Palestinian Authority (PA) President Mahmoud Abbas has capitulated to the Israeli demand that direct “peace talks” continue to go on between Abbas and Israeli Prime Minister Benjamin Netanyahu despite the coming resumption of full-scale settlement building in the West Bank when the so-called “settlement freeze” ends. This confirms many observers’ fears about a sham agreement being signed between Israel and the PA. Under intense pressure from the United States and Israel, the PA is going to sign away Palestinian rights guaranteed to them under international law and will deliver a huge setback to the cause of Palestinian self-determination.
This is the central paradox of the current “peace talks.” The “success” of the peace talks, as Palestinian analyst Nadia Hijab points out in a Al Shabaka policy brief released today, is in fact a “worse scenario” than the peace talks collapsing. If Abbas signs an deal with Netanyahu, it will inevitability be a sham agreement that boxes Palestinians into bantustans and ignores Gaza and Palestinian refugees.
The United States appears determined to push for a framework agreement within a year and both Israeli prime minister Benjamin Netanyahu and Mahmoud Abbas, President of the Ramallah-based Palestinian Authority (PA), are aiming for that goal. Such an agreement, U.S. peace envoy George Mitchell explained in a September 2 press conference, would be more than a declaration of principles but less than a peace treaty. In it, the two sides would reach the “fundamental compromises” necessary for a peace accord. Like its predecessor, the Obama administration has already indicated that the accord would still have to be fleshed out and then implemented over the course of several years – which virtually ensures that it will be delayed if not derailed as happened to past peace accords.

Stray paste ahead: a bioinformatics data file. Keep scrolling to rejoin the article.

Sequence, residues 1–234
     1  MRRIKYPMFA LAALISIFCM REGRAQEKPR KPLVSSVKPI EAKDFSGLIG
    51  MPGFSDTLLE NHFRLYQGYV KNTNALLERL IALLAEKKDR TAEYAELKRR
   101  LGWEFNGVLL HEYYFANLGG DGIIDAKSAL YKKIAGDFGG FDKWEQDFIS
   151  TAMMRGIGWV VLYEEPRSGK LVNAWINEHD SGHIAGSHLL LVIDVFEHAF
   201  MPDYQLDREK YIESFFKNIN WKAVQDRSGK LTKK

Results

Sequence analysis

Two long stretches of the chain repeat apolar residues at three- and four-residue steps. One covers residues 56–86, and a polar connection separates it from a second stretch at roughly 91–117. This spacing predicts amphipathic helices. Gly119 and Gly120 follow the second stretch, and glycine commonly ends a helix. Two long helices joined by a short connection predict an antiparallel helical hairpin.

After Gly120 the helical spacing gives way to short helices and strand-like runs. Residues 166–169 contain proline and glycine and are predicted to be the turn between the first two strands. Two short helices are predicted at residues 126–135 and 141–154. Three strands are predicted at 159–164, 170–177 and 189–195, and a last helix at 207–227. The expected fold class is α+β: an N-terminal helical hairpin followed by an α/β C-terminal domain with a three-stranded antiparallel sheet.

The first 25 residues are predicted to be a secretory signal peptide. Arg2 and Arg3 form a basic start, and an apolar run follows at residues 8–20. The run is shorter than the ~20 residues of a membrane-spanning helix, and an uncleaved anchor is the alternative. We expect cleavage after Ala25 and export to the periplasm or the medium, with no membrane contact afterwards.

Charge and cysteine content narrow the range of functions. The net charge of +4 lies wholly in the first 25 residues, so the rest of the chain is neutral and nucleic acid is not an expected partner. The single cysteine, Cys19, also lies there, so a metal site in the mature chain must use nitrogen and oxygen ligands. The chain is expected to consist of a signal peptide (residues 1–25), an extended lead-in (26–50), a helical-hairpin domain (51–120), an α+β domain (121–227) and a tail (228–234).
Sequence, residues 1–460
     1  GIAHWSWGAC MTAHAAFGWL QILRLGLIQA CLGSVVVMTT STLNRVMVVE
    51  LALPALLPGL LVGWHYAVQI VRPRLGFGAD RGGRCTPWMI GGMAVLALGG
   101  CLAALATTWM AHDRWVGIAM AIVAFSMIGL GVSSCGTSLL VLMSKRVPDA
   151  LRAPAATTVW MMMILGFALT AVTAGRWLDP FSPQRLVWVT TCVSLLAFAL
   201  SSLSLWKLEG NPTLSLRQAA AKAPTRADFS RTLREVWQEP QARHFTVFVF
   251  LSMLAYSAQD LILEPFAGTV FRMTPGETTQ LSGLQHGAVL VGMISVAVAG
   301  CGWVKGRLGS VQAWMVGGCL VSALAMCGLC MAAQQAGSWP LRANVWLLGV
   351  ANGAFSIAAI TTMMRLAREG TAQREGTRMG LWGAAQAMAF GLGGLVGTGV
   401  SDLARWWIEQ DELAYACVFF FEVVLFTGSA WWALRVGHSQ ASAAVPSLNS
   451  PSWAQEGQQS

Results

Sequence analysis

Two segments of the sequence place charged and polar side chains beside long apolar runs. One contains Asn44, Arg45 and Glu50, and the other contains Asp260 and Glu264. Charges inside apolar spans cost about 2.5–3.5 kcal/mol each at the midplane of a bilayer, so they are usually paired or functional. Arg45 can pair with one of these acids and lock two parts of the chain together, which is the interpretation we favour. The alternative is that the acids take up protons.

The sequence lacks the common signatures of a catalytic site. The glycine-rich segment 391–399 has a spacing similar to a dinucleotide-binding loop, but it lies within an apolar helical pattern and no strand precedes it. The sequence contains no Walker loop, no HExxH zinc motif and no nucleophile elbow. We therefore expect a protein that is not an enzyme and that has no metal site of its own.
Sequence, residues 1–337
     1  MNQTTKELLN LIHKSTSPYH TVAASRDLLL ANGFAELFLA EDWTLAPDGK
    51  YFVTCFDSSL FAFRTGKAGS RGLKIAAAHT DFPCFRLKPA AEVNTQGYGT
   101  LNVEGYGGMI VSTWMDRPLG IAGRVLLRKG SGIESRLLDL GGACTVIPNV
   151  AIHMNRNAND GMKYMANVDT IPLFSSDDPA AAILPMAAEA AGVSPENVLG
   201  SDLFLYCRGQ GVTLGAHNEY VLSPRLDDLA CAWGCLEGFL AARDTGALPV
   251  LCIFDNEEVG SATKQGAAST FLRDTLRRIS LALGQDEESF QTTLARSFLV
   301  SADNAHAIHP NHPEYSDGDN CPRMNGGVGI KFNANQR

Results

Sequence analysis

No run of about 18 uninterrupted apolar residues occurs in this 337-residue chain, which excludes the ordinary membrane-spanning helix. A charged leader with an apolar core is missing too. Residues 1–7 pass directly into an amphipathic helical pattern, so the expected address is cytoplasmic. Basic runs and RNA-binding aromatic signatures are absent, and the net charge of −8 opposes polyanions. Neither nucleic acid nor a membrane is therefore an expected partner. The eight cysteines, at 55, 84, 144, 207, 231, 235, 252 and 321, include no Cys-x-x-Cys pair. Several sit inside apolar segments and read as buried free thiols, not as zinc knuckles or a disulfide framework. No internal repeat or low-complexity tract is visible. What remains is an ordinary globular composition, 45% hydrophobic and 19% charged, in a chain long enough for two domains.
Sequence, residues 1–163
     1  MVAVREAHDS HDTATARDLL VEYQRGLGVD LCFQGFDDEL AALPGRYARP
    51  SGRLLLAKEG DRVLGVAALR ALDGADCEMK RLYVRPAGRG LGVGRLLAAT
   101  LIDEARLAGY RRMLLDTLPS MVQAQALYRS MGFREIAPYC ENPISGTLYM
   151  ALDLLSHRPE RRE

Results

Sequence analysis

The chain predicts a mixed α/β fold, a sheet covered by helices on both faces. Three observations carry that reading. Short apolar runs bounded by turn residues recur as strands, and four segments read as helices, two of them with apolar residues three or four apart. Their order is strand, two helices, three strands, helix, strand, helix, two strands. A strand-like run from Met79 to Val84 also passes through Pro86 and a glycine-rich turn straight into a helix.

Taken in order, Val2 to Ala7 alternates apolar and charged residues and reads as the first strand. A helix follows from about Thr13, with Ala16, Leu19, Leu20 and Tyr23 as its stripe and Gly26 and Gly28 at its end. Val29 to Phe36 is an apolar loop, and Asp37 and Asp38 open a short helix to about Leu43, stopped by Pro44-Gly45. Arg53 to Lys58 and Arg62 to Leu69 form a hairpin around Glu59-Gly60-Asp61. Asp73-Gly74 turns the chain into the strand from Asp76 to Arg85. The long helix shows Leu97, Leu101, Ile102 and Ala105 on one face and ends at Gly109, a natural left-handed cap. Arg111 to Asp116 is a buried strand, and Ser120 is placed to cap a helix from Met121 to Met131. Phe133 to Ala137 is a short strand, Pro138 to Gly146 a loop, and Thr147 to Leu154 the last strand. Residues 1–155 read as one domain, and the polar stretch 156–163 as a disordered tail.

If the Palestine Liberation Organization (PLO) and PA were unable to secure a sovereign state and rights through U.S.-brokered negotiations with Israel between 1993 and 2000, when they were in a much stronger position, they are highly unlikely to do so today with such a badly skewed Israeli-Palestinian power dynamic. Instead, next year is likely to see a grand ceremony where Palestinian leaders will sign away the right of return and other Palestinian rights in an agreement that would change little on the ground. The plan of the PA’s appointed prime minister, Salam Fayyad, to declare a Palestinian state in 2011 could unwittingly contribute to this outcome by providing the appearance of an “end of conflict” while the reality remains unchanged. If the rest of the world sees that the government of “Palestine” is satisfied with international recognition and a U.N. seat, they will be happy to move on to other problems leaving the Palestinians at Israel’s mercy.
Such a scenario could sound a death-knell for Palestinian human rights. The Palestinian people have shown a remarkable capacity to regenerate resistance and evolve new strategies after suffering harsh setbacks over the past century. But there may be no recovery this time around. A “peace agreement” would end the applicability of international law to the resolution of the conflict; permanently fragment the Palestinian people; and demobilize Arab and international solidarity.